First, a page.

I was struck. Her words touched into the thinking that seemed most dangerous to me, most immoral. Could it possibly be all right, in my America or in some other life in some other place, for parents to want healthy children for their own peace of mind? I thought of my ancestors who, like millions of modern people around the globe, needed plenty of healthy children with strong backs to ensure the family’s survival—and with any luck, prosperity. Dan and I had no plans to rely on our children for a livelihood; we wanted children just for the joy of it, just for the journey. Even though we knew a baby without HED would save us tens of thousands of dollars in medical and dental bills, our choice to become pregnant, and our desire for a healthy child, could not be rationalized as economic necessity. It was closer to emotional luxury.

But thanks to Eula’s question, I saw folded deep in my heart a tiny possibility. Maybe, I thought, I should want a healthy baby for myself, and for Dan, and for our marriage and future. It might be noble to shoulder a burden, but it is also good to forestall harm and strive for plenty.

I kept the thought to myself, holding close its kind whisper of acknowledgement that this was, after all, about me, too. I felt a glimmer of self-love—something I had not allowed before. It marked the beginning of a turning for me, but my transformation was slow. I still read pregnancy books like an addict. I couldn’t pull my mind away from the details about how much bigger and more vital our baby was becoming.

“I’m due at the end of May,” I told my sister over the phone. “It’s the strangest thing to look into my future just seven months and see such different possibilities.”

“You know,” my sister said slowly, “you’ve started the journey toward having a baby, and it’s really not going to be over until someone is born. The way I see it, you’re going to be pregnant until that child arrives, whether that’s eight months from now, or twelve, or twenty-four. This might not be the baby we hold. But you’re on your way.”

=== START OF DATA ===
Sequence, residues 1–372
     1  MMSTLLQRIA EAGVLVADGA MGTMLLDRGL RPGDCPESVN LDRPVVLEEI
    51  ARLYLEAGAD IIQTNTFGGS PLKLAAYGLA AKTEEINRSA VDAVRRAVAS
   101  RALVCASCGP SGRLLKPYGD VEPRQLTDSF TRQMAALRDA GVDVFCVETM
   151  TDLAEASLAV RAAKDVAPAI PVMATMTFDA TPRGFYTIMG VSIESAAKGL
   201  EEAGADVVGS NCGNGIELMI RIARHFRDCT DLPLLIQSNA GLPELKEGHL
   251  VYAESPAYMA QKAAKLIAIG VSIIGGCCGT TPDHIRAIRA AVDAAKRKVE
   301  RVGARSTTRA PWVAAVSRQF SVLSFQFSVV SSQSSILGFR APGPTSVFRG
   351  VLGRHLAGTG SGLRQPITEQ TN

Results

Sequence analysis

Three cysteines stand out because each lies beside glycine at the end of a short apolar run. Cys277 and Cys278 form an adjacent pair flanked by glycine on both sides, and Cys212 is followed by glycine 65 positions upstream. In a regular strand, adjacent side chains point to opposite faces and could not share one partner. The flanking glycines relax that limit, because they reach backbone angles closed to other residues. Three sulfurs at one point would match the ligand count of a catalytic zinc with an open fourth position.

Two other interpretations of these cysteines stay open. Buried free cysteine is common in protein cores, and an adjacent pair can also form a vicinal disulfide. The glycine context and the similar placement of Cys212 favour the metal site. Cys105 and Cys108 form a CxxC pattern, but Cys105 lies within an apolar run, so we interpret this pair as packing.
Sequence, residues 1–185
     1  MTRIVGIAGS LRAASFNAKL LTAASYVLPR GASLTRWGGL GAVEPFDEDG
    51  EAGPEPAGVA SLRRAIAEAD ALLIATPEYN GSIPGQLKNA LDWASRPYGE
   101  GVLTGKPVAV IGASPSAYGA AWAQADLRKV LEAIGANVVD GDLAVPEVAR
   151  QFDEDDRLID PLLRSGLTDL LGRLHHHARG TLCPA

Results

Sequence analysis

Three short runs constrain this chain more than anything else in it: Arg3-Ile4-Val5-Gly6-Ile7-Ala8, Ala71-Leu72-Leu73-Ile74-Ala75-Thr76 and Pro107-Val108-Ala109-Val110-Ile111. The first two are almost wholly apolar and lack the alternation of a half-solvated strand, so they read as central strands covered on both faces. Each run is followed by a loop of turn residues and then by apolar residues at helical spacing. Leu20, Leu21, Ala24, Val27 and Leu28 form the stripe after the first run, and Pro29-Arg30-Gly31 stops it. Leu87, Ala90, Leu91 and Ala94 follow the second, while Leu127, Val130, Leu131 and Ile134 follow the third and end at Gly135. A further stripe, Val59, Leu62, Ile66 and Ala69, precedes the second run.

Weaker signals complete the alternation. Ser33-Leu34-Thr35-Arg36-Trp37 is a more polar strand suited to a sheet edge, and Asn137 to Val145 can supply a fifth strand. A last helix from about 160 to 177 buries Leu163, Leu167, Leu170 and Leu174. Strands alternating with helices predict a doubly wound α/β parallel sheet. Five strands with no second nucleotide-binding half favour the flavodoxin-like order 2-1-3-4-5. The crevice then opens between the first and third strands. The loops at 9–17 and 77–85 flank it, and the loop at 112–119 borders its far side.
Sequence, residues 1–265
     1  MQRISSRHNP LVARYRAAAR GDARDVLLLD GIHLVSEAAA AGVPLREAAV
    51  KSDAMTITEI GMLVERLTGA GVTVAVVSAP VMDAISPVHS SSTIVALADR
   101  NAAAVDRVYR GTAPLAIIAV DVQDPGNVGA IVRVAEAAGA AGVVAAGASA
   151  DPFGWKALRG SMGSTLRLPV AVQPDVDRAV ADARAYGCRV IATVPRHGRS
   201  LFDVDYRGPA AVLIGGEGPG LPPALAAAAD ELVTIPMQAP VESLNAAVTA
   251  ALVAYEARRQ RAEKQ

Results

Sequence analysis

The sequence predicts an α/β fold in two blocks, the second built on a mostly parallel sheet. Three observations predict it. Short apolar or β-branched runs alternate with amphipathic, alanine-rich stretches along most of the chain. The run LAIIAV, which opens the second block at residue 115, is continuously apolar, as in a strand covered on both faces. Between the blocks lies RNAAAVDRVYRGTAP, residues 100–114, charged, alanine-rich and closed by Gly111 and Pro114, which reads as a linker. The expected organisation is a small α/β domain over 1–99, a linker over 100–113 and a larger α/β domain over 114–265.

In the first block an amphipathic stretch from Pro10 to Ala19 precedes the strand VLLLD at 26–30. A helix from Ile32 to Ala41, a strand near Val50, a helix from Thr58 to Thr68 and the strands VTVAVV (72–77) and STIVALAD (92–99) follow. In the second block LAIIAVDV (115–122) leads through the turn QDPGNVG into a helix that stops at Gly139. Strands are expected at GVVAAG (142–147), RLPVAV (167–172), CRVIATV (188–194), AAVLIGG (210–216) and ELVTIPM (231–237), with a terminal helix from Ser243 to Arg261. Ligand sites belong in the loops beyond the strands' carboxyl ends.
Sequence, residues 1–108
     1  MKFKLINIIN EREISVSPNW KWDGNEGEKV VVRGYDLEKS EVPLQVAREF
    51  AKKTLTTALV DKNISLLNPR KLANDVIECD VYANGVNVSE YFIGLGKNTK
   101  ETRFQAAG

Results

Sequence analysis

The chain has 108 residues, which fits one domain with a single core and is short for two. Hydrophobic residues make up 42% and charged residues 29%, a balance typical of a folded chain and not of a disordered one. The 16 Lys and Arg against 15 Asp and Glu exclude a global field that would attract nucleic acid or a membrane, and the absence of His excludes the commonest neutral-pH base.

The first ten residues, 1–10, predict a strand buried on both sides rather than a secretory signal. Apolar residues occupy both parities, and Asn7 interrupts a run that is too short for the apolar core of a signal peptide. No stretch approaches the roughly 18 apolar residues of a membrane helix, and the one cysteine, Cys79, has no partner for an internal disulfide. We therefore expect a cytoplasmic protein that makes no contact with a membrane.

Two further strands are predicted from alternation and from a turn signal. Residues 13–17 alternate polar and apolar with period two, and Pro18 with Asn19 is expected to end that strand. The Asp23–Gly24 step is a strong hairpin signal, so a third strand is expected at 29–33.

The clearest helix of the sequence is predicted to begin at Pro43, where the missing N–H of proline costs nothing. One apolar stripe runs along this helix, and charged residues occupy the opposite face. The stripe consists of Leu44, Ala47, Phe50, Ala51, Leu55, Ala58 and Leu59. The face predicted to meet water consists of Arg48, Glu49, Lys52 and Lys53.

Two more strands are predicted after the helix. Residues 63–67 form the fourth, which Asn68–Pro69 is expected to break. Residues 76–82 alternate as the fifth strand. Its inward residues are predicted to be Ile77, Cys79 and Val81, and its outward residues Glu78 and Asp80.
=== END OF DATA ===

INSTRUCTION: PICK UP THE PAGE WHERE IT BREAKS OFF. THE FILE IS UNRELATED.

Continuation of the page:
She was right. I felt as if I had jumped into a lake and started swimming, not knowing when I would reach the opposite shore, or even how far it was. I had been thinking of my pregnancy as three months long at minimum, about ten at the max. But my sister helped me stretch my idea of pregnancy to include another sense of the word: meaningfulness in waiting.

I felt better with the idea that my swim could be all one long, blind backstroke to a distant shore, instead of several dogpaddles from the sand to the dock and back. I liked water, but swimming to actually get somewhere had always been exhausting and difficult for me. Holding my pregnancy—the figurative one and the physical one—felt no different. Yet in my dreams, I had been swimming almost every night. I swam through floods, under ice, through choppy shipping canals, and across the bows of ocean liners. I was never afraid. I always knew I would make it. Sometimes I rescued other people who believed they would drown.

I was bursting to talk to my mother, who lived 2,000 miles away in Seattle. She was an avid dreamer who would relish helping me explore my nighttime swims. But it wasn’t just for the pregnancy news or the dreams that I wanted to call her, go to her. I just wanted to be close to her. I took my daily walk, shoulders slumped, wishing that she would appear around the next bend, waiting with a hug for me, a rub for my hair. A phone call to Seattle wasn’t going to give me the connection that I wanted. And I was tired of words. I knew if I told my mom about the pregnancy and our plan, it would rend her heart. It would pry open years of her own questioning, leaving her with a daunting emotional project. After all, she was a carrier, too, having received the gene for HED from her father, who lived a too-short, too-difficult life. And she passed the gene not only to me, but also to my brother, who now lived with the disorder. If I told my mother about my tentative pregnancy, with modern medical choices she never had and perhaps never would have wanted, I would be forcing her to reexamine her own secret sadness. At that moment, I didn’t have room in my head or heart for the guilt I would feel if my pregnancy became anyone else’s burden. Someday I would be ready to share, but not now. Not halfway through week seven, when my lungs burned from swimming and my baby’s heart had just bloomed into four perfect chambers.

Approached by boat, the cliff did not look high,
But when we boys gazed downward from its summit,
We felt uncomfortably near the sky.
We would leap out in turn and, feet first, plummet—
Legs working frantically in search of brakes.
Or, not to be the last left on the heights,
We’d jump in twos and threes and burst the lake’s
Dark surface like a shower of meteorites.

Elsewhere bravado led us to remorse;
There, though, we learned of force and counter-force,
Descending through the many-moted, cold,